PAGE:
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Thursday, June 18, 2009

Review: Remedy - Paleofidelity

Remedy – Paleofidelity
2009, Remedy

Remedy comes blasting out of Halifax, Nova Scotia as a two-headed musical monster offering a mixture of varied rock tunes and a slew 1970’s era Funk Rock songs as well. The band is a classic power trio with Steve Harley on vocals and guitar, James Bond on bass and Gil Roy on drums and backing vox. Harley and Bond are longtime members of the ECMA music scene, previously gaining attention as members of Devora and Sweet Tooth. Remedy’s debut album, Paleofidelity, was released April 4, 2009.

Paleofidelity is all about the Funk, my friends. In listening through for the first time, I was convinced that Remedy was headed for strongly commercial territory with songs familiar enough in style to get picked up by radio programmers but new and different enough to break out of the commercial pack. The first four songs on Paleofidelity would seem to bear this idea out. Up From The Bottom is Funky Rock N Roll with a bit of Blues thrown in. Rhythmic vocal lines accentuate the song structure and the strong, soulful vocals of singer Harley. Rude Reaction is a highly commercial hybrid of Reggae, Dave Matthews and Rob Thomas, all rolled up into one song. The melody here is the sort you're tempted to sing along with the first time you hear it and the harmonies are downright gorgeous. You Said To Me takes the Active Rock route with a bit of Elvis swivel in the rhythms. The vocal harmonies are again superb and the song is extremely commercial in sound despite its dark undertones. The sound on Paleofidelity starts to morph with Emergency Light, a classic early 70's Blues/Rock tune ala Led Zeppelin (although not quite as hard). The song is lyrically dense and the harmonies once again are sublime.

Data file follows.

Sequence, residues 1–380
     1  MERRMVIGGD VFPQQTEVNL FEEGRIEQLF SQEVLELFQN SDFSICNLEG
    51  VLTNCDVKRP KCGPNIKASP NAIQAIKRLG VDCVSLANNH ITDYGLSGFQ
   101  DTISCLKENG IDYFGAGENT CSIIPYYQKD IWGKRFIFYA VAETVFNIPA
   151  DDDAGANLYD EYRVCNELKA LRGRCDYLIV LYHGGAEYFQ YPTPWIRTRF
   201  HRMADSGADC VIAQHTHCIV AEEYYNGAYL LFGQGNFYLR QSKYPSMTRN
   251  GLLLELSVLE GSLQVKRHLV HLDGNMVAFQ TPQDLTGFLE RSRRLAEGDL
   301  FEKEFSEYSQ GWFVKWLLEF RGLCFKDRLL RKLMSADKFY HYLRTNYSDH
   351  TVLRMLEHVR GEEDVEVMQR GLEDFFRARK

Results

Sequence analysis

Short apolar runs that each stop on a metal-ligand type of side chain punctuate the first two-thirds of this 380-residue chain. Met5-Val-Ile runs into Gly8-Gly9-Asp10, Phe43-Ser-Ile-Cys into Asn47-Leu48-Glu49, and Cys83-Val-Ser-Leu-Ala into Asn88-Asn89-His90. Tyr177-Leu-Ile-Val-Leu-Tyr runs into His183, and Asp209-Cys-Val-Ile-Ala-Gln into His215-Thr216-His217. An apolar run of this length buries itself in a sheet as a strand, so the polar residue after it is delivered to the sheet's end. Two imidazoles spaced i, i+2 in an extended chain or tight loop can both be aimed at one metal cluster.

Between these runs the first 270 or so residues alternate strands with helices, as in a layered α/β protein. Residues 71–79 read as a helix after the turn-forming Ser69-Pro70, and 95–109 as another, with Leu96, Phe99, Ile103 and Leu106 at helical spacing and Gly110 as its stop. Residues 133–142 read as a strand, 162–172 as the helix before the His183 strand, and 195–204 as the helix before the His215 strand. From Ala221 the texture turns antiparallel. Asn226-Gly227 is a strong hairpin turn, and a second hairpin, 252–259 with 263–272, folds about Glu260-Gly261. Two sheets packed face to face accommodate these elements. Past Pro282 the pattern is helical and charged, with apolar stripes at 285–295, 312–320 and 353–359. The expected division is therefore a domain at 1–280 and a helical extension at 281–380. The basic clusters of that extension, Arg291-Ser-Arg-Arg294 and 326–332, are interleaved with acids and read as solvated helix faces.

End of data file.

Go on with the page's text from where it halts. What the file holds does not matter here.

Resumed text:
All of sudden, from track 5 on, Remedy is a different band, with a distinct emphasis on 1970's Funk/Rock. I'd have to say that the first four songs here were highly enjoyable and original (even if a little derivative at times), but the remainder of the album seems to get stuck on a sound and style and stay there (although it’s very well played). I love great Funk, but Remedy set the bar so high with the opening four songs of Paleofidelity that the rest of the album comes off as something of a letdown even though it’s very well executed. You'll want to check out Any Other Way, All In A Days Charade and So Much Better, but I'd almost recommend tracking the CD backwards on a playlist. Either way, you get to hear two sides of Remedy on Paleofidelity. Regardless of your tastes, there is a lot here to like.

Rating: 3 Stars (Out of 5)

You can learn more about Remedy at or You can purchase a copy of Paleofidelity at, or you can download the album from iTunes.

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